- 2,500 Unit tests, running in about 30-40 seconds
- 200 Integration tests, running in about 19-20 minutes
- 250 Acceptance tests, written as Cucumber scenario tests, running in about 12-18 minutes against a production-like deployed application
- 2,308 Unit tests, running in about 10-15 seconds
- 556 Integration tests, running in about 6 minutes
- 502 Acceptance tests, running in about 17 minutes against a production-like deployed application
Depending on the project context, we may decide to write also other type of tests, mainly smoke tests and stress tests.
As a consulting company, we don't have a team style or specific approach to TDD. We'd like to see TDD as an effective practice to build working software. We try to choose the approach that best fit particular situation, team or product.
When we are working with an external team, like customers who are approaching TDD for the first time, we like to keep a smooth and very strict rhythm so that people can appreciate, learn and better understand the practice. From the other hand, we tend to shift to a faster and less strict approach when we are working with more experienced people or when the confidence about the domain is high we tend to go faster.
We try to make a refactor step after each test pass and try to enhance code in order to embrace business changes needs or reduce technical debt.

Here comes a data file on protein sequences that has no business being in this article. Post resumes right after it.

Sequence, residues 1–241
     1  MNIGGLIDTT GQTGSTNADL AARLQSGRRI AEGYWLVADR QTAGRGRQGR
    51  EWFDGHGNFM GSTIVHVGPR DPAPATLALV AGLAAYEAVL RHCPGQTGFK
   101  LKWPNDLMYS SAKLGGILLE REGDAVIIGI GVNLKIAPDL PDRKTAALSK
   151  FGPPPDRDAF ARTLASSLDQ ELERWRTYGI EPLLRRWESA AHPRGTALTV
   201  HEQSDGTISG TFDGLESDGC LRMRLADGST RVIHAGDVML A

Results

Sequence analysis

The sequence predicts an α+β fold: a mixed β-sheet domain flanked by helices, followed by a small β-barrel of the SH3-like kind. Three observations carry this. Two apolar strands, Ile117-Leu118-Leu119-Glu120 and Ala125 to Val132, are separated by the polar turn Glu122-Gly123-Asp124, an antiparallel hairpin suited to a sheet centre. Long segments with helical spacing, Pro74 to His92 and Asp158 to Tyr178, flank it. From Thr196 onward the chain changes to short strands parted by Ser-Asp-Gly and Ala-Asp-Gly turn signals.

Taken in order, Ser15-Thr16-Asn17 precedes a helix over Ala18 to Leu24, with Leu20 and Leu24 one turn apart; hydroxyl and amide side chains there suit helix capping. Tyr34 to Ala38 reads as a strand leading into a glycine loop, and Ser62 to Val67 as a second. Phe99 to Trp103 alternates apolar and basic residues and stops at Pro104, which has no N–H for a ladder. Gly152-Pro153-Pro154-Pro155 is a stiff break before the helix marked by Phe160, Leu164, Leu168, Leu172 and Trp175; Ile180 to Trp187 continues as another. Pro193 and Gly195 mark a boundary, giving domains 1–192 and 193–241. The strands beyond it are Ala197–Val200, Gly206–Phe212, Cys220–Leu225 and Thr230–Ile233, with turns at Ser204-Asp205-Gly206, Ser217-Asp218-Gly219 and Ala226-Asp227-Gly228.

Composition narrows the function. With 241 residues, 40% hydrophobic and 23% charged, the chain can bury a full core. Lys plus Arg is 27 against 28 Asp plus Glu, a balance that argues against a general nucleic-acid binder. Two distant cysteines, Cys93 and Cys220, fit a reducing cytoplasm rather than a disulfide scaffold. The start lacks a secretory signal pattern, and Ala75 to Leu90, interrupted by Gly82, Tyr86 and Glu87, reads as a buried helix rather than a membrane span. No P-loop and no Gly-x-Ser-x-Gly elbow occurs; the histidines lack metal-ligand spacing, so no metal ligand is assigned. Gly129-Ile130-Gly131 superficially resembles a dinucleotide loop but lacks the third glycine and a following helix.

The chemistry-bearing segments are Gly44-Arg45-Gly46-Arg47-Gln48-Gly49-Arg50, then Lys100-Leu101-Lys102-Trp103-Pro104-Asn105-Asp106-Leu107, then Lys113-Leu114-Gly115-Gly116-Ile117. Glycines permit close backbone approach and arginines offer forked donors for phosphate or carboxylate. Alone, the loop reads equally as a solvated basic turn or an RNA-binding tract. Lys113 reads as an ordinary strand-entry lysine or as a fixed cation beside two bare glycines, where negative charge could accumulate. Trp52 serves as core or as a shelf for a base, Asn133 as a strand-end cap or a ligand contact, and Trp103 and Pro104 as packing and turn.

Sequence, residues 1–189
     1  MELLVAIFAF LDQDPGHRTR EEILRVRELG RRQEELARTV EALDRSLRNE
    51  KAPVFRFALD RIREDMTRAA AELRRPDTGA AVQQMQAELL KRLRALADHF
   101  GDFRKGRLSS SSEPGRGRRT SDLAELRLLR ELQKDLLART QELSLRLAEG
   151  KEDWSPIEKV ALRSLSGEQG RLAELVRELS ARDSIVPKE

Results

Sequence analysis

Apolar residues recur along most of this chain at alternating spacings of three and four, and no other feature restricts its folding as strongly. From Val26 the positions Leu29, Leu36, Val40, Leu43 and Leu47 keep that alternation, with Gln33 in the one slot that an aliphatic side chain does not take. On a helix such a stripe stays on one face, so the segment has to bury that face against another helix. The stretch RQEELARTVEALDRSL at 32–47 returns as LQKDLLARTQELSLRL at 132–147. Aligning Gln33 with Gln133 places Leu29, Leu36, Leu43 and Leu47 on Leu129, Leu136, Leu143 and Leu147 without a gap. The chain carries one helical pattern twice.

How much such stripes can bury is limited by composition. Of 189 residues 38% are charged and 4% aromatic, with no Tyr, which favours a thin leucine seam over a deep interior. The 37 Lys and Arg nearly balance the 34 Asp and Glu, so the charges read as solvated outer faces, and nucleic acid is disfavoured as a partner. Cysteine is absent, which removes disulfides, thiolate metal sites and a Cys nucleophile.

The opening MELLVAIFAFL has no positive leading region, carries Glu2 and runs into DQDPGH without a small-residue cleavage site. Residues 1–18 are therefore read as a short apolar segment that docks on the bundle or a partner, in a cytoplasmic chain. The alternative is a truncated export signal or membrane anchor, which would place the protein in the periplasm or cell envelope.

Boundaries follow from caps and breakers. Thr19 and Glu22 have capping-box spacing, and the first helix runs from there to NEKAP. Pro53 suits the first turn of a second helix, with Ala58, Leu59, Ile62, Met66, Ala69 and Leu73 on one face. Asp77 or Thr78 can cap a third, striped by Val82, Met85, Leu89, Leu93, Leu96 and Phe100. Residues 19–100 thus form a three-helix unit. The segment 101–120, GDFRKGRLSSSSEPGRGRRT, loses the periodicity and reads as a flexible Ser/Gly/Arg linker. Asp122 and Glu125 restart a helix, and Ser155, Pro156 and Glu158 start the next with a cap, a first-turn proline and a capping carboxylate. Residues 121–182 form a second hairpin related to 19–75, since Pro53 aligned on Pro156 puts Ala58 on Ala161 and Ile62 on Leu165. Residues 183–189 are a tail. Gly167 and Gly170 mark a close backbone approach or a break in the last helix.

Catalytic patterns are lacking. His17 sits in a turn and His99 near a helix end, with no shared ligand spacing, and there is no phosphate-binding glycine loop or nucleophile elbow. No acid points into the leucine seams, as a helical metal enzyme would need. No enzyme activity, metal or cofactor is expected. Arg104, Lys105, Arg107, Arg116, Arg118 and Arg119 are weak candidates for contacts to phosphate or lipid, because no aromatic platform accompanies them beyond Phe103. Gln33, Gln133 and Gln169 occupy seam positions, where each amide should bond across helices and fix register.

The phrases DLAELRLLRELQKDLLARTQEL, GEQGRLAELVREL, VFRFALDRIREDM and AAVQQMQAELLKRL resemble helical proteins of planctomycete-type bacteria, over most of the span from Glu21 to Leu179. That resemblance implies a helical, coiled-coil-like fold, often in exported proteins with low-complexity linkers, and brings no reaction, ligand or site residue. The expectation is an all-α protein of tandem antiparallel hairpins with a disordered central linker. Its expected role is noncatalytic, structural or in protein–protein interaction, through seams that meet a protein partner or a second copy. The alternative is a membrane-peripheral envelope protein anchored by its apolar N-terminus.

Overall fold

When our application is hard to change, we know we should refactor our code.
If we cannot do it immediately (e.g. due to a short deadline) we create a card with TD (Technical Debt) label and we do it as soon as possible.
There are different patterns that we employ everyday in order to improve the design of our production code, avoid duplication and express in a better way the intent of each component. Each person in our team has a different set of patterns in their toolbox but we try to use those that answer the four rules of simple design; anyhow most of the patterns we employ are taken from two books we warmly recommend: Refactoring by Martin Fowler and Refactoring to Patterns by Joshua Kerievsky.
TDD helps our teams in many ways. It allows us to see a new feature from the customer point of view.
In addition we can write more meaningful code for the business needs, which leads to have the code cleaner and more understandable for the entire team.
It permits to have a quick feedback and to not over-engineer the application, because we write only the code that is really needed.
Our customers feel a better quality in the software we deliver, because there are few bugs and we can fix them quickly.
The customer asks for new features with more confidence and trusts us. The software turns out to be more flexible and easier to extend.
There are many challenges that we try to face when we practice TDD in our team, and these challenges are not only related to technical aspects but also to different approaches that come from our different experiences.